Sega Master System (SMS)


Officially released in North America in June of 1986, the Sega Master System is a third generation, 8-bit system using the famous Z80 processor. While the Master System was Sega's third system (a redesigned SG-1000 Mark III), it was their first console to come to North America. While technically superior to the Nintendo Entertainment System, the Master System faced a similar fate in the US to the Atari 7800. This was due in large part to Nintendo's strict licensing agreements with third party publishers, requiring that games could not be released on a competing system for two years. Not surprisingly, in other regions of the world the Master System saw greater popularity.

Capable of using both cartridges and smaller capacity cards, the Master System was able to offer 3D gameplay. By plugging the 3D adapter into the card slot, Sega StereoScope 3D glasses could be used with specific game cartridges. The system also used a more sophisticated light gun which, unlike Nintendo's system, could not be fooled by pointing the gun at a light bulb. Instead, Sega's system used CRT scan lines to determine the timing of the shot. Unfortunately, this system is incompatible with current LCD and Plasma high definition televisions.

Originally selling for $199, DREAM's system was purchased new in December of 1987. Bundled with the 3D glasses and phaser, using BIOS v1.3, this system contains both the RF output as well as Sega's 8-pin DIN composite/RGB video and mono-audio output, features which would also be found on the early Sega Genesis.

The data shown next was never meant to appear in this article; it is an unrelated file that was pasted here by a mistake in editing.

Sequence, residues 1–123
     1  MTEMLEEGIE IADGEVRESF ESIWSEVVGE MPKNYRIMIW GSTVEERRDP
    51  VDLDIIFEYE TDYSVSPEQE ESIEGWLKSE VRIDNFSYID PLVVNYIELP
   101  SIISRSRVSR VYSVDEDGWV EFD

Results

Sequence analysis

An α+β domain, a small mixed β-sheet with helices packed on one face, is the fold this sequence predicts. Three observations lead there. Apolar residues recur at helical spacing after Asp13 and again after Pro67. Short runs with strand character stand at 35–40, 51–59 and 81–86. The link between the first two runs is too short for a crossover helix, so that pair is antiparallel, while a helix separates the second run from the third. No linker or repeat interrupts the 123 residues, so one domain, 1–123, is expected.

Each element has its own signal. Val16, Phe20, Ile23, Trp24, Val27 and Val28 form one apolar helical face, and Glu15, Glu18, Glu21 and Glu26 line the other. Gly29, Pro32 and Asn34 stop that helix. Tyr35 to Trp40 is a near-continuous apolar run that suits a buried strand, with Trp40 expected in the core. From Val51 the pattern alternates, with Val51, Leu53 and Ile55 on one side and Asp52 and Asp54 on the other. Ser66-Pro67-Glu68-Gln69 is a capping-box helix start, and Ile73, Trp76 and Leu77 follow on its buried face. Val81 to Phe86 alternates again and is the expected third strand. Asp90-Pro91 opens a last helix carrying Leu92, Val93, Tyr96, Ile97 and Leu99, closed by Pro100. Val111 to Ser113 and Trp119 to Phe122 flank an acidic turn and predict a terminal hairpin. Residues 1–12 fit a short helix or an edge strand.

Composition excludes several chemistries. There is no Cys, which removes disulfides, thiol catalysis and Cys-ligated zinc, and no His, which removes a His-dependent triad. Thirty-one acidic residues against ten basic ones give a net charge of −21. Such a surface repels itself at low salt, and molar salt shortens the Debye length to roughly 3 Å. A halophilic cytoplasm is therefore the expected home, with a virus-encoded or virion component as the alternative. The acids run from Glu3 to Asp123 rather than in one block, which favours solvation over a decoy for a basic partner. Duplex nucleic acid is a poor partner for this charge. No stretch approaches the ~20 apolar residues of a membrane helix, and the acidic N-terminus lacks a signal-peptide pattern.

• After Burner
  • Altered Beast
  • F-16 Fighting Falcon
  • Ghost House
  • Missile Defense 3-D
  • OutRun
  • Phantasy Star
  • Psycho Fox
  • Rampage
  • Zaxxon 3-D

Sega Genesis


Officially released in North America on August 14, 1989, the Sega Genesis is a fourth generation, 16-bit system. Though the Genesis hit shelves two years prior to Nintendo's 16-bit SNES, it wasn't until Sega's now ubiquitous mascot, Sonic, that the system's sales solidified. In the end, the Genesis managed to gather better sales than its predecessor, the SMS. Known initially for its popular and accurate arcade ports, as well as its celebrity tied sports games, the Genesis would eventually fulfill the slogan claim that "Genesis does what Nintendon't". Selling blood, violence, and nudity in games, the Sega Genesis's game options helped distinguish it from Nintendo, ultimately leading to the introduction of a content rating system for video games.

Selling for $190 on day-one, the Sega Genesis is probably best known for its peripherals. These include the 6-button controller for fighting games, the Super Scope light gun, the Sega Power Base for playing Master System games, the SegaCD CD player, the 32X for 32-bit gameplay, a modem (Japan only, though one game was released in North America that made use of it), and many, many others.

DREAM's Sega Genesis was purchased new in December of 1989. Known as an "Altered Beast" unit, it includes an 8-pin DIN audio/video connector capable of supporting composite or RGB output. It is also referred to as a "High Definition Graphics" unit due to its improved audio mixing circuit, though stereo was available only through the headphone jack on the front of the system and not through the 8-pin DIN. Later units would get a 9-pin DIN that allowed stereo output, but lacked the superior mixing circuit.


  • Air Buster
  • Altered Beast
  • Gaiares
  • Herzog Zwei
  • Insector X
  • Phantasy Star II
  • Phantasy Star III
  • Shadow Dancer: Legend of Shinobi



While not strictly a console, the SegaCD would eventually be combined with the Sega Genesis into a single unit called the Sega CDX. Originally released as an accessory for the Sega Genesis on October 15, 1992 (North America), the SegaCD came to market near the end of the fourth generation. While most accessories add some new functionality not previously available, few come with a dedicated game library, their own processor, and make the same dent in history that the SegaCD did. Historically, the SegaCD had two lasting effects on the industry: finalizing the debate on game ratings and marking the start of Sega's long death as a hardware manufacturer.